Directors banned over £975k in false invoices
14 Aug 2019
Three directors who secured credit by using their companies to submit false invoices to factoring companies have been banned for a total of 29 years
14 Aug 2019
Deborah Mary Fisher of Lincolnshire was director of NJ Transport Limited, a haulier based in Weston Hills. Over two years between January 2016 and March 2018 she caused NJ Transport to submit false invoices to a factoring company totalling £425,500.
Under typical factoring systems, it is common practice for the company director to personally guarantee all funds advanced.
The factoring company realised the invoices were false when NJ Transport was preparing to enter creditors voluntary liquidation in March 2018.
When the factoring company tried to recoup money from Fisher personally under her guarantor agreement, she declared herself bankrupt in May 2018.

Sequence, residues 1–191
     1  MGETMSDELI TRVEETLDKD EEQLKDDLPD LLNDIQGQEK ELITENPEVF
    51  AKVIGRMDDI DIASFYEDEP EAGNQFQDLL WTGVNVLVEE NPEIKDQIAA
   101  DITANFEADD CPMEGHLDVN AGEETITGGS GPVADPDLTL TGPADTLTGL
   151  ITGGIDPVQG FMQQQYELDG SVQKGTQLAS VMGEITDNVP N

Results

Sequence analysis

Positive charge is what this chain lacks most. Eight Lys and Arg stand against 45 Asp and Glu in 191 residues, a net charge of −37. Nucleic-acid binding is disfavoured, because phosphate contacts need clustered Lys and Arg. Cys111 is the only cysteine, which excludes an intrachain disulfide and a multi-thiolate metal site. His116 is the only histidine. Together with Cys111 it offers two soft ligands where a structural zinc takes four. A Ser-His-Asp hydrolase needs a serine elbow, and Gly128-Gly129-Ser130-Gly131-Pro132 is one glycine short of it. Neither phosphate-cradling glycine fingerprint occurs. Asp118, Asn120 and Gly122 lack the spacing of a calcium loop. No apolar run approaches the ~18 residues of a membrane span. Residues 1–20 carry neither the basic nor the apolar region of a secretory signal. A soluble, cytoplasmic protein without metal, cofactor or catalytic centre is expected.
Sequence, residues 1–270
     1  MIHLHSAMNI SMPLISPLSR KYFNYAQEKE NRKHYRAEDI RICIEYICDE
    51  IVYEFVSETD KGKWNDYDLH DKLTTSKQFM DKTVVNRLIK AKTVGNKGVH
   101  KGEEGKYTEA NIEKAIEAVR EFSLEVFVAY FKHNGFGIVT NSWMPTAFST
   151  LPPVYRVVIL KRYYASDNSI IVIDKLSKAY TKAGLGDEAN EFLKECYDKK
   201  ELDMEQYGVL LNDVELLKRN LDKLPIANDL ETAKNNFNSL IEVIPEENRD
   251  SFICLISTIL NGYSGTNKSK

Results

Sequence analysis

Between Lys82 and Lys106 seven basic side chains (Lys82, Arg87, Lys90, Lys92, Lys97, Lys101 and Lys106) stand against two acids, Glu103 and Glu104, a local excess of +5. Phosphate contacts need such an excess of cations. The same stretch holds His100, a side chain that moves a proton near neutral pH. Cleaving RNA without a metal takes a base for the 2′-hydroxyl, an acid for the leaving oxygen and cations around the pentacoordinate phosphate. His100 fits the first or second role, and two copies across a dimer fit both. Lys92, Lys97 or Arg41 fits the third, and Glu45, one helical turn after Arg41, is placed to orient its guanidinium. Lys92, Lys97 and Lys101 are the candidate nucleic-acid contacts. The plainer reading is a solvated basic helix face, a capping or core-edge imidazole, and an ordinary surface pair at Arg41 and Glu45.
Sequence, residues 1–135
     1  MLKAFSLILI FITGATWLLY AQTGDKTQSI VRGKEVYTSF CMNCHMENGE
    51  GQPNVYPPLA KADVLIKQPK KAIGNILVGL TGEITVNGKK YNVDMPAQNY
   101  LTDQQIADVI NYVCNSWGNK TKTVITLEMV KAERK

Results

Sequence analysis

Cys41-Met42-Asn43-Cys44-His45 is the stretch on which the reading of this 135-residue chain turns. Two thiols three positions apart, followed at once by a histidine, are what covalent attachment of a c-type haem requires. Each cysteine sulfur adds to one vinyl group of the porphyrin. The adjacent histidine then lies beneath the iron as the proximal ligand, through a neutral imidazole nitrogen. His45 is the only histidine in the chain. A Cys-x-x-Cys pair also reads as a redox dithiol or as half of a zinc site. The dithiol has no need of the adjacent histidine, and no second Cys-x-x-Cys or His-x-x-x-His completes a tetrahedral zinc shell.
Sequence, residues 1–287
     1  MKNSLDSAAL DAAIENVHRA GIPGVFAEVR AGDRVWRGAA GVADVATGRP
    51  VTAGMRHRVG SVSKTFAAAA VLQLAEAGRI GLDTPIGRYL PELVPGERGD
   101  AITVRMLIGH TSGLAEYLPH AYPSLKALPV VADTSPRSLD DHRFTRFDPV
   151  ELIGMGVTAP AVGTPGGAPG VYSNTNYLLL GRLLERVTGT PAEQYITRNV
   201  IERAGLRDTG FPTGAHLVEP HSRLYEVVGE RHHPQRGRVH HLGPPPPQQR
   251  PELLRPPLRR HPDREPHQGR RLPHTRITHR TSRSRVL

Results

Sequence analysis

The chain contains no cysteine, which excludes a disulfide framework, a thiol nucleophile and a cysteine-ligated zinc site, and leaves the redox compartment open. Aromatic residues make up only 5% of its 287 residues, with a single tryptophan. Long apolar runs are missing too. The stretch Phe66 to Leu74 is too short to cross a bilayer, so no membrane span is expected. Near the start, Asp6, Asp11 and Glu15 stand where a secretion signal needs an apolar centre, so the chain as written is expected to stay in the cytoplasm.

Meantime, Londoners Marcus Grose and Dominic Worley have also been banned over a separate invoice factoring fraud. They were directors of National Electrical Wholesale Limited. Incorporated in 2004, the company sold electrical goods to trade customers.
When National Electrical Wholesale experienced cashflow difficulties in June 2015, Grose and Worley caused the company to submit false invoices to a factoring company to secure credit.
Over the next 18 months, the electrical wholesale company submitted £550,000 worth of invoices from a total of 44 false debtors. The factoring company, however, uncovered the dishonesty when it queried some of National Electrical Wholesale’s invoices.
All three directors have been disqualified and are banned from directly or indirectly becoming involved in the formation, promotion or management of a company without permission of the court.
Fisher signed a nine-year disqualification undertaking, while Grose and Worley have each been banned for 10 years.
David Brooks, group leader of insolvent investigations for the Insolvency Service, said: ‘Factoring companies provide a vital service to companies experiencing cashflow difficulties, alleviating short term financial problems and allowing them to continue trading.
'These directors grossly abused this service. The disqualifications will severely curtail their activities for many years to come.’